The Incredible Shrinking Protest

…in Madison:

Upon entering the capitol, visitors are greeted by a large sign explaining all the items they are forbidden to carry in. Someone unfamiliar with the February protests would be flummoxed as to why some of these items show up on the list, but the list itself tells the story of what happened when hundreds of protesters took up residence in the statehouse a few months ago. Among the verboten items: snakes, crockpots, massage chairs, mattresses, and balloons, plus a catch-all (“… other items that may be considered inconsistent with a plan to depart the building at the posted closing time or whose use is considered a threat to public health or safety”).

In the capitol rotunda, around 100 people are gathered, watching the beginning of the assembly session on large monitors that have been set up for their benefit. At the height of the protest, over 6,000 people were reported to be crammed into this space. Resident irritant and multiple-arrestee Jeremy Ryan, who has earned the sobriquet “Segway Guy,” slowly makes his way around the crowd perched atop his two-wheel mobility device.

Soon, three men wearing pink tunics appear. “We Are Walker’s Pink Slips!” they begin chanting loudly. “If you have to chant what your protest costume is, it’s probably not a good one,” cracks a nearby lobbyist.

At noon, the crowd is joined by the “Solidarity Singers,” a group which congregates every day to sing at the top of their lungs in the rotunda. Last week, an American Red Cross blood drive had to leave the capitol because of the irritating cacophony produced by the singers. A woman weaves her way through the crowd, handing out song books so everyone can sing along. The books include many union favorites, tailored to the Wisconsin struggle. (For instance, “We Shall Overcome” now apparently references the effort to recall Scott Walker.)

This may be what democracy looks like, albeit mob democracy. It’s not what a Republic looks like. Here’s to continued failure of the left to subvert the laws of Wisconsin, and to it as a harbinger of failure across the nation.

Is He Jimmy Carter?

…or Herbert Hoover?

As President Obama struggles, again, to gain control of the economic conversation and relaunch his administration’s economic policy (how many times has this administration announced its determination to focus on job creation?) the similarities between these two idealistic and patriotic men begin to emerge. In both cases we have a President who thought that his mission was to remake the world, but who gradually discovered that the tools in his toolkit were no match for the problems he faced. With great intelligence and serious goodwill, both men set about to address the most important issues facing the country and the world — only to find that their chosen remedies failed one by one.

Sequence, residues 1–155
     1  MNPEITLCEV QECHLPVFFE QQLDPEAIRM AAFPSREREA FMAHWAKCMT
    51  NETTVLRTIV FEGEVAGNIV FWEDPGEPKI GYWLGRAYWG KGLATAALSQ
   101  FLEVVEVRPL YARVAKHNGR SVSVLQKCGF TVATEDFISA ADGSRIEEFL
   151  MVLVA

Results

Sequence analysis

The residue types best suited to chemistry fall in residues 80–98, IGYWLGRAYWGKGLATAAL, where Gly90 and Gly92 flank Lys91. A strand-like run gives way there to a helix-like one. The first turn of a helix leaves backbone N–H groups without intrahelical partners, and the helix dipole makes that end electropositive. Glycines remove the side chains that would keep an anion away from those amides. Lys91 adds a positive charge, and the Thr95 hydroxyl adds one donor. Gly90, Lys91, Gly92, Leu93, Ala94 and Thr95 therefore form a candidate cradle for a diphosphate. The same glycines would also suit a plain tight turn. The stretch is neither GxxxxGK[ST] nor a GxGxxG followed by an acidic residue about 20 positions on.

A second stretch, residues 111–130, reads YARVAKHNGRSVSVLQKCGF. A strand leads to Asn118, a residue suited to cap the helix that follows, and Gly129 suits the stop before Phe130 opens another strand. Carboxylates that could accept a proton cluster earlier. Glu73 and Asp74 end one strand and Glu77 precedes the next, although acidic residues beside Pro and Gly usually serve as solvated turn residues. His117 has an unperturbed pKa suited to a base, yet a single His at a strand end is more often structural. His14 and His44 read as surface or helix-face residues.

I am not convinced that the President’s political goose is cooked — yet. For one thing, luck can never be discounted. Recessions don’t last forever, anymore than booms do, and American capitalism is strong enough to stage a recovery in the face of poor policy. But luck aside, the President can still avoid the great mistake that finally wrecked Hoover: the failure to learn.

President Hoover brought some convictions with him to office about how the economy worked, how government worked, and what his role as President should be. As the Depression deepened, he did the best he could within those limits, but nothing seems to have made him reconsider the mix of progressive ideas that he brought with him to the White House. As months of failure and disappointment grew into years, he doesn’t seem to have questioned those core ideas or to think about ways in which the economic emergency might require steps that in normal times would not be taken. He not only failed to end the Depression; he failed to give people a sense that he understood what was happening. Over-optimistic forecasts issued in part to build confidence came back to haunt him. To the public he seemed fuddled and doctrinaire, endlessly recycling stale platitudes in the face of radically new economic problems.

One of the myths of the rewritten history by the left is that Hoover was a conservative, with laissez-faire economic policies (and thus by implication a hero of modern Republicans, particularly Reagan Republicans), but he was an economically ignorant progressive of his time, albeit a good engineer and a good man. The comparison seems quite apt to me (except I’m sure that Hoover was nowhere near as arrogant, narcissistic and self absorbed as the president).

Bitterness, And Denial

The end of Constellation brings out the same flawed arguments in comments.

Yes, if one poured enough money into Constellation, no doubt it could have been made to “work,” if by that you mean get a few government employees to the moon at a billion dollars a ticket. It never had a prayer of contributing to the opening up of space to the rest of us, any more than Apollo did.

And unfortunately, while the name might be gone, the program zombies on until we can kill off the Senate Launch System and Orion-by-another-name.

Hyphens Can Be Your Friend

or your enemy. I’m fairly fastidious about this (as I am with apostrophes), and I no doubt annoy many people whose stuff I edit. As the piece points out, the purpose of a hyphen is to disambiguate adjectives, so you can tell for sure what is modifying what. For instance, “a light red fox” could be an underweight red fox, but “light-red fox” indicates that it is a fox (of indeterminate subspecies) that is light red in color. The exception is if the first word is an adverb, such as “lightly colored fox,” in which case the hyphen and connection of the two words is implicit.

That is all.

Biting Commentary about Infinity…and Beyond!